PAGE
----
Guide to Michigan Divorce Records
Table of Contents
Following even the most amicable of divorces, one spouse may want to revisit alimony payments or child support down the line. These situations demand context for why each party agreed to specific terms and how that agreement translates into your current situation. Revisiting these situations requires an in-depth review of the original Michigan divorce record, including any substantiating financial documents.
It's highly recommended that you always keep at least one copy of your divorce records on hand. This will let you skip the long processing times and handle any problems that could arise from the lack of documentation or proof of your divorce.
What are Michigan Divorce Records?
Michigan divorce records are a collection of documents covering various aspects of the divorce. They include the initial divorce filing, grounds for divorce, court transcripts, and many other details from both negotiations and the courtroom.
While these records are pretty thorough, one section is more important than the rest: the final judgment. In most cases, this is used to prove that a divorce is legally over and outlines terms for most of the case's contested topics like Alimony.
Certified divorce records feature a raised seal unique to the state. Both are obtainable through the Michigan Department of Health & Human Services (MDHHS) and the county courts that finalized the divorce. However, the MDDHS only maintains records from 1897 to the present. So, if you're searching for divorce records pertaining to genealogical research, you'll need to contact the state archives instead.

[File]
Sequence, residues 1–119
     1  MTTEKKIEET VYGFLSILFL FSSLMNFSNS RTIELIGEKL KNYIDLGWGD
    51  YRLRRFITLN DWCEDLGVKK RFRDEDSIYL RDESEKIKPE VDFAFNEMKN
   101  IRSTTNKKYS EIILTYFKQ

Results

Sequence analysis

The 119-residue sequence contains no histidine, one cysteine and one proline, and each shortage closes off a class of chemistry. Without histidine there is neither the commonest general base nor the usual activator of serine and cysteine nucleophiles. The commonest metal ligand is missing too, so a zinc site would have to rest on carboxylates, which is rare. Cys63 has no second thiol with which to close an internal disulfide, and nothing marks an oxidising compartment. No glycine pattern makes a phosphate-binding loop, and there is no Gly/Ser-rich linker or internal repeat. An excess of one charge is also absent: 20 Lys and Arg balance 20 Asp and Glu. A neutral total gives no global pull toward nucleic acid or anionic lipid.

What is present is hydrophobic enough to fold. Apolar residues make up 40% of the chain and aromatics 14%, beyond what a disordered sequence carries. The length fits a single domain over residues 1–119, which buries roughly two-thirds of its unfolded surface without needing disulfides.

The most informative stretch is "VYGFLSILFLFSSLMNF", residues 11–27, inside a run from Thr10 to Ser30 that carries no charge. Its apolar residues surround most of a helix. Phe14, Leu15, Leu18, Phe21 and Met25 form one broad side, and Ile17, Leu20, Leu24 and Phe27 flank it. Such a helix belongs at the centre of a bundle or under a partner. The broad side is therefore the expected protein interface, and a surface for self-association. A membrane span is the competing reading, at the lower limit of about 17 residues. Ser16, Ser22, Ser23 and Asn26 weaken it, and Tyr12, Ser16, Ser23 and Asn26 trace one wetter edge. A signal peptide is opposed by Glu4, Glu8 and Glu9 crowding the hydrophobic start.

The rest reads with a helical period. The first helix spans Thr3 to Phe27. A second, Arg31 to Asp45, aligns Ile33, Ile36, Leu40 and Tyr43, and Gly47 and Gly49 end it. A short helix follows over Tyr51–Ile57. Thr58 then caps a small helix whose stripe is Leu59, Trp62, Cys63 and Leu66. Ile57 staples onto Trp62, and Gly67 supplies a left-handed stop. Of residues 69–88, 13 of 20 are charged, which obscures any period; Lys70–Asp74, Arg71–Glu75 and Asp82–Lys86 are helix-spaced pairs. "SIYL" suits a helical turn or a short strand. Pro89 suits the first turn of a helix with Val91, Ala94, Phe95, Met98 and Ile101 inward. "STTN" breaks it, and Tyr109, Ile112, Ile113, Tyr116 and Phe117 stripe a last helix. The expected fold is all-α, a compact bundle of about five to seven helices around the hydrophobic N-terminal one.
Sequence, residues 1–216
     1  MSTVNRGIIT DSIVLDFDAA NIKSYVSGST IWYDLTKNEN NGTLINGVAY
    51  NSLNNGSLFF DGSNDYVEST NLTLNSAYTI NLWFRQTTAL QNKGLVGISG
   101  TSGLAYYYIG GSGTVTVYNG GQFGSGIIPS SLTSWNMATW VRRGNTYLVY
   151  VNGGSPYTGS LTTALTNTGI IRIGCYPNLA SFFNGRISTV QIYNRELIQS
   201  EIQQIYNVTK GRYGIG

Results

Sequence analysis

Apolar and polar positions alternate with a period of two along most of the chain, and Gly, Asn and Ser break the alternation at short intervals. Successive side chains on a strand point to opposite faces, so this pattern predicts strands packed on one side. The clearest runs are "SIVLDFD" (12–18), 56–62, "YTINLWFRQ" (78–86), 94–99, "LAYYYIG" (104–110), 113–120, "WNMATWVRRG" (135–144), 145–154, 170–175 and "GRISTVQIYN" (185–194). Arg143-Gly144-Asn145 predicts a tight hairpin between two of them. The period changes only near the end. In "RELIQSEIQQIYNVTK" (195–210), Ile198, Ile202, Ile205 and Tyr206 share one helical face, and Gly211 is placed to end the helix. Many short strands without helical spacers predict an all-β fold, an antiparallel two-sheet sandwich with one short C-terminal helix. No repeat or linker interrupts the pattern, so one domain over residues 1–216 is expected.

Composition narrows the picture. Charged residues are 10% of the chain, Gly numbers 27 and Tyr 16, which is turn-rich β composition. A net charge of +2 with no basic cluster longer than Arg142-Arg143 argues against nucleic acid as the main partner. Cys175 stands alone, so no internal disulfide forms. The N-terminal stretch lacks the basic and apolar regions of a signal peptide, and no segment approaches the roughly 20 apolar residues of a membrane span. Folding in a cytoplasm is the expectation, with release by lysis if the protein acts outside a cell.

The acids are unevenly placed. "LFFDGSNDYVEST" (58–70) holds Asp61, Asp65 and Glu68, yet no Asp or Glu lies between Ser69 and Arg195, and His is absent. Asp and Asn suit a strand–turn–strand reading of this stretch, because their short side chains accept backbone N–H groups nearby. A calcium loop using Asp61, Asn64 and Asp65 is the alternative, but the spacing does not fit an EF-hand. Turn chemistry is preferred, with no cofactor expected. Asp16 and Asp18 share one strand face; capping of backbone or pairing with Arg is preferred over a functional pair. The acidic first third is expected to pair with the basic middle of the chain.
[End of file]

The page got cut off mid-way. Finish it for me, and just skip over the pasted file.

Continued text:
What's Inside the Divorce Record?
Similar to the intricate nature of the divorce process, divorce records can contain a wide variety of information. Included documents can range from absurd decisions about who keeps a pet fish to serious discussions over medical decision-making. Despite the endless stipulations that can be added, most divorce records are separated into the following sections:
- Final Judgment - Once signed by the judge, this document denotes the legal end of the marriage. It also marks the beginning of their new responsibilities toward each other and their children.
- Affidavit - It is a requirement in Family Courts for both spouses to submit a summary of their financial conditions. The details cover financial accounts, life insurance policies, tax data, and outstanding debts.
- Spousal Support – Also referred to as Alimony, spousal support in Michigan can be permanent or temporary. Permanent terms are typically reserved for long-term marriages or when one spouse has made significant sacrifices for the marriage.